At the hearing of 4 June 2001 the Bezhitskiy District Court of Bryansk decided to examine Ms Y.’s statements made during the preliminary investigation. The court asked both parties whether they had any objections. Neither party objected. The court based its judgment on the statements of Ms Y., the applicant’s confession made at the beginning of the investigation – although he later changed his statements and pleaded not guilty before the court – and on a certain amount of indirect evidence, such as statements by indirect witnesses and expert reports. At the hearing the court also examined the applicant’s doctor, Mr R., who had monitored the applicant since April 2000 in connection with a hip fracture he had sustained in August 1999, with a view to determining whether the applicant would have been able to commit the offence, taking into account his injury. Mr R. stated that because of the improvement of his state of health the applicant had not been operated on but had been recommended not to lift weights of over 12 kilograms. The court also found the applicant’s allegations of ill-treatment unsubstantiated. The court reached that conclusion relying on oral evidence given at the hearing by another policeman, a medical certificate according to which the applicant had no injuries that could have been caused on the date of the alleged ill-treatment, and the results of the investigation conducted by the public prosecutor’s office. Advocate K. assisted the applicant in the proceedings before the trial court. The court convicted the applicant of murder and sentenced him to 11 years and six months’ imprisonment.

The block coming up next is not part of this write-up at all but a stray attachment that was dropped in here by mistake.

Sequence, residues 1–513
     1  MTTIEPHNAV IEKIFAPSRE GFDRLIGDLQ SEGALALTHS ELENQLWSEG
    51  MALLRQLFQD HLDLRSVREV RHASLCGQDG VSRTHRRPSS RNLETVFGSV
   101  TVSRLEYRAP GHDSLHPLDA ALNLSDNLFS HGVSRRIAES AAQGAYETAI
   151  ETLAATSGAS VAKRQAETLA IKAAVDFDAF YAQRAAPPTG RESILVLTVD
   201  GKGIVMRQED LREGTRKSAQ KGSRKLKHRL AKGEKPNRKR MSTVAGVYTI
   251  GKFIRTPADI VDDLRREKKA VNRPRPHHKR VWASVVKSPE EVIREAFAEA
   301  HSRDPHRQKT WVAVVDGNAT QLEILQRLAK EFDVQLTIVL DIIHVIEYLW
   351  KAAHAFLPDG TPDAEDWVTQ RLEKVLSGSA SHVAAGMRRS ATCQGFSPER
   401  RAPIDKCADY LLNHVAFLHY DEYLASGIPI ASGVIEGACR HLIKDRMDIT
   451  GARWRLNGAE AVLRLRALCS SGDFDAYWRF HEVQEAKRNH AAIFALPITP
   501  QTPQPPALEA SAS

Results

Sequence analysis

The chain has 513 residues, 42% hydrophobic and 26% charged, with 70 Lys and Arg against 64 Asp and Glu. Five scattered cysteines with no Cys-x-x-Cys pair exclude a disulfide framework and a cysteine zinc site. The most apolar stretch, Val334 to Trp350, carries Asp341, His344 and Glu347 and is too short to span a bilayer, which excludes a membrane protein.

On 7 June 2001 the applicant applied to the Bezhitskiy District Court of Bryansk to study the record of the hearing. On 21 June 2001 the applicant stated in writing that he had studied the record.
The applicant appealed against the conviction on the grounds, inter alia, that during the preliminary investigation he had been unduly refused legal assistance and that the authorities had deliberately precluded him from being assisted by the lawyer of his choosing. He also claimed that his confession had been made under pressure from the police officials and stated that the key witness, Ms Y., had not been examined at the hearing.